Speaking during a special court session to mark the 2022/2023 legal year of the state Judiciary in Minna, she noted that the lack of official vehicles for magistrates necessitated their travel on public transport to and from their stations.posing potential danger to them.

She also lamented the partial collapse, serious states of dilapidation and disrepair of magistrate courts across the state.

According to the Chief Judge, successive governments in the state starve the judiciary of the much-needed funds to carry out its duties.

She, therefore, called on the government of Gov. Mohammed Bago to immediately implement the Harmonised Conditions of Service Law 2023 passed by the Nineth Assembly of the state legislature.

Similarly, the Chief Judge of the Federal Capital Territory (FCT) High Court, Justice Husseini Baba-Yusuf, underscored the need to better the lot of judges of lower courts.

At the beginning of the 2023/2024 legal year of the FCT High court, the CJ decried the poor conditions under which judicial officers in these lower courts, particularly, magistrates operate.

“There is the dearth of court rooms for the magistrates; currently some of our magistrates are sharing court rooms.

Justice Baba-Yusuf, agreed that the magistracy plays a very crucial role in the administration of justice in the country, adding, ‘’once we get it right at the bottom, we will get it right at the top”

The story is not any different in Lagos state as reports have it that the judges of the lower courts in that state are also not enjoying better welfare or have better working conditions.

Moderating a breakout session on Judicial Remuneration and Allowances at the 2023 Annual General Conference of the Nigeria Bar Association (NBA), Onikepo Braithwaite said that she saw the pay slip of magistrates with basic salaries as low as N61,000.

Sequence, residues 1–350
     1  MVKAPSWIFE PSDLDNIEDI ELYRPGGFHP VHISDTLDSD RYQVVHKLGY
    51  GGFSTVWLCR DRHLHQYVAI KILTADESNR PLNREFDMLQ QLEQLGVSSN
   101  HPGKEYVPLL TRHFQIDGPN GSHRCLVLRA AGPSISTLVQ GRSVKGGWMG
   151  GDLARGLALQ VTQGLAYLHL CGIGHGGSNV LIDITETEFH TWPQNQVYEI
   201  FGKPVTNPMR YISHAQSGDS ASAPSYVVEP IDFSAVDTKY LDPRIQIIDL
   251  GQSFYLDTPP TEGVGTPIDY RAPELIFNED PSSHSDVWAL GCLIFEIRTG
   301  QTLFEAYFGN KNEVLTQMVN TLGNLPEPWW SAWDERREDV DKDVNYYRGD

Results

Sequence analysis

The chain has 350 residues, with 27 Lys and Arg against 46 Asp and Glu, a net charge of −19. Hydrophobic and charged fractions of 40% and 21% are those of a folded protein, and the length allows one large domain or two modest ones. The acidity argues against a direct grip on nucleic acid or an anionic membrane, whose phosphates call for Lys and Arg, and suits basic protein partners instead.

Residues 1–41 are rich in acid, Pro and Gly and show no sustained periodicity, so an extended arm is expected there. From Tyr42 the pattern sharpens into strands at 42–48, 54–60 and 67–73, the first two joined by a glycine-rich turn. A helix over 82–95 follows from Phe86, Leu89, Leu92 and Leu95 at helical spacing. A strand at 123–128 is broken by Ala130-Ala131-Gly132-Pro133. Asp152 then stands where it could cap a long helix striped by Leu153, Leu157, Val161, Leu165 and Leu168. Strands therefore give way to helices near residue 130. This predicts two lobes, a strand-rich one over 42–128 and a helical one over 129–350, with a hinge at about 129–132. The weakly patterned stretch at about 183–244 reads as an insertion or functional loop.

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“Their extremely ridiculously low furniture allowance ranging from N9,270 to N11,543; domestic allowance in July 2023 is N27,000 (which is below the minimum wage of N30,000).

“I also saw a pay slip with a leave allowance of N74,000. I am not sure whether N74,000 can purchase a return flight ticket from Lagos to Ibadan!

She said it was time for the state governors and governments to do the needful and review the salaries and allowances of magistrates which are overripe for a healthy upward review.

The Secretary of the NBA in Ondo State, Mr Olumide Ogidan, also, recently bemoaned the remuneration of judges and magistrates in the country, saying poor welfare of judicial officers was anathema to free and fair dispensation of justice.

“ The remuneration of judges and magistrates in Nigeria is nothing to write home about.

“The condition of our magistrates is even worse as some have to take “Okada’ (commercial motorcycle) LPbefore they get to their courts. It is a thing of shame.

“The judicial autonomy is only on paper, the implementation is far from being real.

“The state judiciary still looks up to the governors for funds. It is not supposed to be so,” Ogidan said

Some of the stakeholders, who spoke with the News Agency of Nigeria (NAN) in Jalingo, said judicial officers needed an improved welfare package to enable them deliver justice.

Malam Bello Mohammed, the Executive Director, Centre for Social Justice and Development, an NGO, said magistrates in Taraba now struggled for space in commercial vehicles and tricycles with even criminals, putting them at great danger.

Mohammed recalled that in 2012, during late Gov. Baba Suntai’s administration, the government raised the allowances of judicial officers, and they were given brand new cars and special salary packages.

According to him, the officers’ lives were transformed then, until Gov. Darius Ishaku’s administration came on board, and all the benefits, were suspended.

In Bauchi state, the Magistrates Association of Nigeria (MAN), during its annual training programme, recently, decried the “poor condition of service” under which its members are operating.

Similarly, the Chairman of the NBA, Ibadan branch in Oyo state, Mrs Folasade Aladeniyi, stressed that, a situation where magistrates were not given official cars when appointed was an abberation.

According to her, Magistrates are not considered as judicial officers in some states, as they are treated like civil servants.